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A birthday gift for everyone

Last week, the Government announced plans to introduce the child trust fund. These plans come after nearly two years of debate on asset-backed welfare policies.

AMP has been involved with the scheme since the idea was first mooted in the UK in 1999 after a similar scheme was introduced in the US. We were the principal sponsor and have been an active participant in the research carried out by the Institute of Public Policy Research that led to the development of the scheme.

We believe this policy has the potential to change the UK savings culture. The child trust will provide a lump sum of between £250 and £500 (dependent on means testing) to all children at birth.

The money will be kept in special accounts until they reach adulthood, with public funded top-ups at six, 11, and 16. The idea is to offer access to the opportunities that asset ownership brings.

The scheme will also offer parents, relatives and children the opportunity to make additional contributions to the fund. Lower-income-earners will be given further incentives to save by the Government offering to match savings with additional contributions.

How these funds will be run is yet to be decided. One possibility is they could be run by the private sector under terms and conditions laid down by Government (much as stakeholder pensions).

Parents could open an account when they register the birth of their new youngster. They would then choose a fund provider.

The concept of child trust funds offers a chance to generate financial responsibility and a culture of savings that the UK currently lacks. It will also help to quash problems of financial exclusion.

As the children mature and start to handle their own sources of income – whether from pocket money, Christmas presents or part-time work – they too will take an active interest in their trust fund.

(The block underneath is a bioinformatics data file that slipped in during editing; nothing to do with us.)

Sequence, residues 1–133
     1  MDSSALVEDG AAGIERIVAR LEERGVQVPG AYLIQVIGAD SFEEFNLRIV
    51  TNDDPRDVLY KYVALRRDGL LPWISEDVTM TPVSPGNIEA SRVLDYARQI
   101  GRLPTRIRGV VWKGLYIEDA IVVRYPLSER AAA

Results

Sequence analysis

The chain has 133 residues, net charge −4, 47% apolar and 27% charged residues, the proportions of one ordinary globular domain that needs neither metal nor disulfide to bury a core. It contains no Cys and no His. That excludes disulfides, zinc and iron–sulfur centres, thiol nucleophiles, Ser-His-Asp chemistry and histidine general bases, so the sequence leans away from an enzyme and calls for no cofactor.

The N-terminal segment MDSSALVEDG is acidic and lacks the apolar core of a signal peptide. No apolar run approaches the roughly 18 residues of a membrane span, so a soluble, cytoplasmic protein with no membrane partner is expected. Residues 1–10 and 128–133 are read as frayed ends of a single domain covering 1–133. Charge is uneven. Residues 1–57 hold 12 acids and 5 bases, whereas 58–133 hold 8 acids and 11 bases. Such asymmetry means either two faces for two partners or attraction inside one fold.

They will want to see it grow and they will realise that it can grow faster by adding money to the account through saving. They will grow up with an understanding of money and an appreciation of their responsibility to look after their own financial welfare.

If statements were sent on a regular basis showing the growth in the fund, it could further encourage the child. Schools could incorporate the plan and as part of their studies children could follow the fortunes of their investments.

Financial service companies will clearly have a role to play in offering solutions that could make this proposition affordable. But more important, the industry has a vested interest in embracing any proposal that could develop positive values and responsibilities and overcome financial exclusion in the simplest way, by making the poorer sections of society a viable commercial market.

As the children near adulthood we can expect the financial services industry to take an active interest in this maturing pool of wealth.

There is much current criticism of the industry for its failure to address in an inclusive way the needs of the population. The advent of child trust funds will ensure that financial services companies have a commercial interest in delivering services to all children, whatever their income level.

While rules would need to apply, there is no reason why providers should not be marketing university fee drawdown accounts or first-start mortgage packages to schools in every inner city estate.

At the other end of the contract too, providers will be marketing their trust funds to every prospective parent in the country, the “financially excluded” will have become market participants. In this way, the child trust fund will not simply offer a once-in-a-lifetime act of wealth redistribution. It should inspire and inculcate a lifetime of financial responsibility.

The basic premise is that in trusting people to manage money that they can see grow, but cannot spend, they will start to think more actively about financial responsibility.

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